posted by faineg at 3:01 PM on March 11 [17 favorites]


I recently read a perfectly lovely, albeit nothing for the ages, murder mystery involving savage, vicious, cruel reviews. I also recently remarked to a friend that this administration is so cruel, it may be pushing me away from eating meat. I can’t take all this violence toward vulnerable things.

I mean, I think it's good for people to be warned of bad restaurant food at ridiculous prices and bad restaurant food in pretentious wrappers. I just. . . can't enjoy savagery right now. Maybe never again. is this middle age? or is this the new world?
posted by crush at 3:06 PM on March 11 [3 favorites]


No, none of those things are typically Yorkshire in any way. They are maybe typically generic British middle class.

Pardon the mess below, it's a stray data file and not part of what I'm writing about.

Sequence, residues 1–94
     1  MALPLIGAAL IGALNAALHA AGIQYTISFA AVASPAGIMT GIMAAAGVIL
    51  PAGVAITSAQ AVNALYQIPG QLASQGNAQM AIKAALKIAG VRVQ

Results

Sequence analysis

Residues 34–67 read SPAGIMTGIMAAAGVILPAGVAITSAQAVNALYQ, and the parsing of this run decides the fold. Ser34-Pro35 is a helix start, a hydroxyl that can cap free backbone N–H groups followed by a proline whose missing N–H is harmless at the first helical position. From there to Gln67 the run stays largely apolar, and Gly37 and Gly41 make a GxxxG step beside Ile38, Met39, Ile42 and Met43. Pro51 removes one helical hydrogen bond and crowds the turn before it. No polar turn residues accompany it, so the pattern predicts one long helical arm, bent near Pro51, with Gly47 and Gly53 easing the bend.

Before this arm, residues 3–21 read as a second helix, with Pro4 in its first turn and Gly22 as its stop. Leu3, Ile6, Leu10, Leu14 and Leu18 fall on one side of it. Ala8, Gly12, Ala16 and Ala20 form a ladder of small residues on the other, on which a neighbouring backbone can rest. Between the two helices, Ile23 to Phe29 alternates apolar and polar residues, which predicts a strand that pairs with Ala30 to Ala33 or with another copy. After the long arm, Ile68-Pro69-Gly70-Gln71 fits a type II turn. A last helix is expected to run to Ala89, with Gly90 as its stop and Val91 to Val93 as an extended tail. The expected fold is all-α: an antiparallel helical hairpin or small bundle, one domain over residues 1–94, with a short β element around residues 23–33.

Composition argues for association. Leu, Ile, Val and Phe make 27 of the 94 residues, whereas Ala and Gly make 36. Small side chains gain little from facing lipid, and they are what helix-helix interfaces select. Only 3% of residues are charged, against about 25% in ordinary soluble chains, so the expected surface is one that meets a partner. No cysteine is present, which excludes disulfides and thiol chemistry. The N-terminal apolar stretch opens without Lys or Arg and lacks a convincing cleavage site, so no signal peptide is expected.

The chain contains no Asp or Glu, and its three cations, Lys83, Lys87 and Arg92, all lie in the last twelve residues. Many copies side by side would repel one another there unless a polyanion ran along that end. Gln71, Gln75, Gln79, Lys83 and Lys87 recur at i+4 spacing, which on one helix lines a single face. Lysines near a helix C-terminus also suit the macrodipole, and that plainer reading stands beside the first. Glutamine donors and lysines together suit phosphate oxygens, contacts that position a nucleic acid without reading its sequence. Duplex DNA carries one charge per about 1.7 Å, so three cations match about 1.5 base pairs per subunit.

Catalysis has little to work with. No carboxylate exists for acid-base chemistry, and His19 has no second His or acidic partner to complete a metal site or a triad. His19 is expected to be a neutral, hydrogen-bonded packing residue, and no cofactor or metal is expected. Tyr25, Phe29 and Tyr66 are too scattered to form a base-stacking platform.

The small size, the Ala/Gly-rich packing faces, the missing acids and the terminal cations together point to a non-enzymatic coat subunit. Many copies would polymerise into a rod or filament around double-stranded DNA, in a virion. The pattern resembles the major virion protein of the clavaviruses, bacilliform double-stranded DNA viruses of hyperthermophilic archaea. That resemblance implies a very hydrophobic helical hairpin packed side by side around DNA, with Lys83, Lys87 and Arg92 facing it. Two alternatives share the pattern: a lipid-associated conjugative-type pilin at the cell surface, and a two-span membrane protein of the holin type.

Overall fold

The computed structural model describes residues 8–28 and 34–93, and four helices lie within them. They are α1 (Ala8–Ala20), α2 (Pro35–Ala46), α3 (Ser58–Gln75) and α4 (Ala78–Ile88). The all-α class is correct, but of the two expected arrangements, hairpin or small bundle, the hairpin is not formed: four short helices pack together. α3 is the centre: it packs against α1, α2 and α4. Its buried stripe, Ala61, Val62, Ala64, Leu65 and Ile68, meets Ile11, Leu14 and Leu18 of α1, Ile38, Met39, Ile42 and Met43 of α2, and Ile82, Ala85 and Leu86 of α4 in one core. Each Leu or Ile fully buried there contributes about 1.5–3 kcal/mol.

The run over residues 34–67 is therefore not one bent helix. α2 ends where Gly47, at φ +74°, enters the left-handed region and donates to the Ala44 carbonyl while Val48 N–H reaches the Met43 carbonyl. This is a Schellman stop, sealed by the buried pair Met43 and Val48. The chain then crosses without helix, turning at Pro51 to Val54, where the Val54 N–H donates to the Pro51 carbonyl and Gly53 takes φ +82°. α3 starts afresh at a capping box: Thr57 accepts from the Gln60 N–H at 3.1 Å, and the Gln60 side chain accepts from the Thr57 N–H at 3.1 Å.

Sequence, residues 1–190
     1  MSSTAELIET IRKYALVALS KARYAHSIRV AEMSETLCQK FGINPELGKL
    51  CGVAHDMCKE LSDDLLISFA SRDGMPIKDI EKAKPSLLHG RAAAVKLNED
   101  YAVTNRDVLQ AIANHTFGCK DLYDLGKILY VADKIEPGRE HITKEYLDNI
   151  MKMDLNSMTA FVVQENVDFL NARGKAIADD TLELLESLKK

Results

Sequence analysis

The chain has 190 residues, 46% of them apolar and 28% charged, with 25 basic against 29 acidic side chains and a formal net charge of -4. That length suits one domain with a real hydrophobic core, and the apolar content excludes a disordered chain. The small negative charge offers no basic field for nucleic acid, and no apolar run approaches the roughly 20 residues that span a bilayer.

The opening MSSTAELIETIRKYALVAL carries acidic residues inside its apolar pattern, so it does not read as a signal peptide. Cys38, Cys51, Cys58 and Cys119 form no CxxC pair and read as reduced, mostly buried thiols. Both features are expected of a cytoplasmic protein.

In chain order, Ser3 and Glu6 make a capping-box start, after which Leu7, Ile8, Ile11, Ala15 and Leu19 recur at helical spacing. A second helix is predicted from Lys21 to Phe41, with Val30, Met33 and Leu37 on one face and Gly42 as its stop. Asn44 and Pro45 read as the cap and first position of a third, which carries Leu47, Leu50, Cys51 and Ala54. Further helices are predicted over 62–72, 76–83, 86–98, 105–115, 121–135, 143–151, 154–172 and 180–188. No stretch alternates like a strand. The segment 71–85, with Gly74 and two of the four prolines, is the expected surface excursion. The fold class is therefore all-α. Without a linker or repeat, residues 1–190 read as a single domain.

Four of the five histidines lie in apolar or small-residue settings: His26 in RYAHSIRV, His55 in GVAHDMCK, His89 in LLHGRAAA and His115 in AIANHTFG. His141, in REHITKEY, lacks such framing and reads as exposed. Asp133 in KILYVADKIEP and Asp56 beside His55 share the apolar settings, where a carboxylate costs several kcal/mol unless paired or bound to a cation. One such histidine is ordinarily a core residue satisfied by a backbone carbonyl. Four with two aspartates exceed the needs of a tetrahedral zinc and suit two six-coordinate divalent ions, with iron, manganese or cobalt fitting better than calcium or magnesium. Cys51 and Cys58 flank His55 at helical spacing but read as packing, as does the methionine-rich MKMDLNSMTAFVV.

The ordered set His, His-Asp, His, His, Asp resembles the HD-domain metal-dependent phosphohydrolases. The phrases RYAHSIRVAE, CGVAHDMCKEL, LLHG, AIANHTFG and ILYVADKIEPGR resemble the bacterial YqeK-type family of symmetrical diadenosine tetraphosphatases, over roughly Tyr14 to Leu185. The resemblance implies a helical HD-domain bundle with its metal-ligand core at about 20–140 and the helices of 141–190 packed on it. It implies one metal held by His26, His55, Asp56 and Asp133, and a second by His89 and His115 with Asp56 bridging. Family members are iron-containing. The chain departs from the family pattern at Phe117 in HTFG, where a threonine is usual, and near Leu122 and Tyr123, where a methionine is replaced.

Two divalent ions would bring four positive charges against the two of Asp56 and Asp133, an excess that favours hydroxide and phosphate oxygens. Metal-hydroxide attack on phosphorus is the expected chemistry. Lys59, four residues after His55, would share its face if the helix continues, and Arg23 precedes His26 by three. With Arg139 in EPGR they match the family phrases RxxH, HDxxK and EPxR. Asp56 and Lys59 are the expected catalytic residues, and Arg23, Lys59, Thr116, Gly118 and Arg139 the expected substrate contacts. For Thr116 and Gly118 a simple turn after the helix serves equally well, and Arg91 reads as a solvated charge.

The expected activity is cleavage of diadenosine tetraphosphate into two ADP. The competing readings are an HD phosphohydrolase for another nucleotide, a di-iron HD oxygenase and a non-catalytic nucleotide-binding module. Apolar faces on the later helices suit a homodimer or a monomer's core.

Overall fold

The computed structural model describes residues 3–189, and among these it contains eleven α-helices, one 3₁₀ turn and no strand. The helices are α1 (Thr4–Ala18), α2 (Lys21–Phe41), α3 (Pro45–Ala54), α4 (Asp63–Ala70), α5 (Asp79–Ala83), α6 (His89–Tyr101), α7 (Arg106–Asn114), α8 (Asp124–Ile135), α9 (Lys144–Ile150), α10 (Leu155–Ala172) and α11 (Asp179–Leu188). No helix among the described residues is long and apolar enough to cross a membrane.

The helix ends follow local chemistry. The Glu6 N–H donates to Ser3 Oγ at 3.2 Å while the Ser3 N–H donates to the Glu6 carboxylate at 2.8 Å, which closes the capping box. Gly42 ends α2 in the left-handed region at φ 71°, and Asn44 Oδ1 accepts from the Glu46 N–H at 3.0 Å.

posted by quacks like a duck at 3:09 PM on March 11 [3 favorites]


guacamole is generically english middle class? TIL!
posted by supermedusa at 3:12 PM on March 11 [1 favorite]


British people, I have a question: In the Mr P's Curious Tavern Review, the restaurant staff describe the food as "Yorkshire tapas" and then it turns out to be, like, artichokes and octopus and hummus and shellfish crackers and guacamole. I love all those things and my familiarity with Yorkshire is pretty much entirely from novels, but...are those in fact characteristically Yorkshire ingredients? I know it must be more than the pudding, but I hadn't expected guacamole.

Just next door to Yorkshire there was a famous (although, apparently and disappointingly, apocryphal) tale of Peter Mandelson mistaking mushy peas for guacamole. Past that I have no idea - there's a few fishing villages in Yorkshire but no specific catch I would immediately associate with the place.
posted by Dim Siawns at 3:28 PM on March 11 [1 favorite]


are those in fact characteristically Yorkshire ingredients?